A Brief History of Layyah

Layyah derives its name from a wild, short stature shrub of fuel wood commonly known as “LAYYAN”/LIE. Paradoxically, it is a wonderful blend of two extremes:

  • The Thal Desert and the Indus River

Previously a Tehsil of Muzafargarh, Layyah gained the status of being a district in 1982. The district of Layyah comprises of three tehsils which include Layyah, Chaubara and Karor Lal Eason.

District Layyah is situated in the south-west (rather west) of Punjab. In its north, lies the district Bhakkar while to its west flows River Indus. Across the river there is Dera Ghazi Khan which is also a district and division of Punjab. District of Jhang is located in the East and Muzafargarh is located in the south of district Layyah.

This district consists of a semi-rectangular block of sandy land between the Indus and Chenab rivers in Sindh Sagar Doaba. It is also part of the recently established civil division of Dera Ghazi khan. It covers a total area of 6.291 sq kms with a width from East to West of 88 kms and length from North to South of 72 kms. Having the population of 1,121,951, the population density is 178.2 peoples/sq km. At more than 700 kms distance from the Arabian Sea and an average height above the sea level of 1,525 meters, district Layyah falls in the sub-tropical continental plain zone of the climate map of Pakistan.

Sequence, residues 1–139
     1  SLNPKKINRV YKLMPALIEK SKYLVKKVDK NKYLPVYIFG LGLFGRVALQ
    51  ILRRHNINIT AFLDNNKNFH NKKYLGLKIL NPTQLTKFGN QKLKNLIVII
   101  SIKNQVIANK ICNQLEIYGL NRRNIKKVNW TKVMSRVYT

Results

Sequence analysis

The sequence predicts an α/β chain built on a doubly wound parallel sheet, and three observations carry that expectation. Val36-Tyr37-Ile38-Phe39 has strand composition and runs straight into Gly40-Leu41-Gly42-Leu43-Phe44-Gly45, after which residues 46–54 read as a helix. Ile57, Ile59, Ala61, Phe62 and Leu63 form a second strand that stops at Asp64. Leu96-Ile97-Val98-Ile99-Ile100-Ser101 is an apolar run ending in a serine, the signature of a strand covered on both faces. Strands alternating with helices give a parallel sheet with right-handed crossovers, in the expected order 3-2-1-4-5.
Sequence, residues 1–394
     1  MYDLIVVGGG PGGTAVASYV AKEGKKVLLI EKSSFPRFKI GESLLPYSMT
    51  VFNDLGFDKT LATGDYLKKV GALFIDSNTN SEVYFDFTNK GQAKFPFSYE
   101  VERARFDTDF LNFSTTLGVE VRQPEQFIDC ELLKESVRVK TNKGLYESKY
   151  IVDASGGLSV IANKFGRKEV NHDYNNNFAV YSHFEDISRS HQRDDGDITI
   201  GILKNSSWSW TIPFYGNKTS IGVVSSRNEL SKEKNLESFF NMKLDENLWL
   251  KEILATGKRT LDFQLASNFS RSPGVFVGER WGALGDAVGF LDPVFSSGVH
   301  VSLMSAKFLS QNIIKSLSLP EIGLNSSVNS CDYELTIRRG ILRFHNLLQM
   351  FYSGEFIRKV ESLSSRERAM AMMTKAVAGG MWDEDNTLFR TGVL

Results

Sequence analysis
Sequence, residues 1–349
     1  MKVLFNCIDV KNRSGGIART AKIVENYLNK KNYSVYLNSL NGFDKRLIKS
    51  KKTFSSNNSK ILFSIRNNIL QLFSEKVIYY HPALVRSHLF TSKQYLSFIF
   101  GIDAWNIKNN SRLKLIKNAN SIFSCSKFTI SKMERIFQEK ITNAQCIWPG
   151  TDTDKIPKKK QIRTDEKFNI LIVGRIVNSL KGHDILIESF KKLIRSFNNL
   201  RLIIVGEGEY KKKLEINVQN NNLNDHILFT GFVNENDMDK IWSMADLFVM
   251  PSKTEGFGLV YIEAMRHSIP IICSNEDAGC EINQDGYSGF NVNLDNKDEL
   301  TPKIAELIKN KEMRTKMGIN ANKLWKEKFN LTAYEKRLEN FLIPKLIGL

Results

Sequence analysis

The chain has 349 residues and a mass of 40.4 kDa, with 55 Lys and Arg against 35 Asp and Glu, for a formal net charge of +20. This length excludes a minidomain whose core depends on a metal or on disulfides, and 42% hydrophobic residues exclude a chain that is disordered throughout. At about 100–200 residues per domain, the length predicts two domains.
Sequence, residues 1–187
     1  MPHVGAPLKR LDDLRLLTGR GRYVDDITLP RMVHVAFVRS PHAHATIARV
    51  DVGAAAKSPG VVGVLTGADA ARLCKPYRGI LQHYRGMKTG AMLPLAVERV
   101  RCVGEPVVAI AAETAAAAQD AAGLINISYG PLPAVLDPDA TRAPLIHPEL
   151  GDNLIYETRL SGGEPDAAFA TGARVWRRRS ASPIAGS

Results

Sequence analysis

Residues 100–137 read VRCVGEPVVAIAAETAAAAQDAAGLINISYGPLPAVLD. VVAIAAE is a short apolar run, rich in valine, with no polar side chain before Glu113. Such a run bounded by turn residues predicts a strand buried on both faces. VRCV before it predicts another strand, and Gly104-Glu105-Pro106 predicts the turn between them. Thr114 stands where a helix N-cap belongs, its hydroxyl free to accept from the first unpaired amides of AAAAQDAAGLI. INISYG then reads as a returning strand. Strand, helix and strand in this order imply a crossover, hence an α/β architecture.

District Layyah is primarily represented by plains. The three main agro-ecological zones are:

  1. Creek, Dhands and Nallahs of River Indus in the West which is locally known as Nasheb (or Depression) and receiving inundation from River Indus.
  2. Green area of crops, gardens and forest in the irrigation tract of THAL.
  3. Barani crops of sandy thal desert.

According to the 2011 district census the Muslim population is by far the largest religious group comprising of 98.7% of the population followed by Christians who are hardly 1% of the population and are equally spread among the urban and rural area locations.

Saraiki and Punjabi are the most common languages whereas, some people also speak Pashto and Sindhi.

On the average the literacy rate in the district is 39% which is low as compared to the provincial and national literacy rates which are 46.6% and 44%, respectively. While a little more than half the population of 10 years and above age is literate, less than one fourth of this category are females.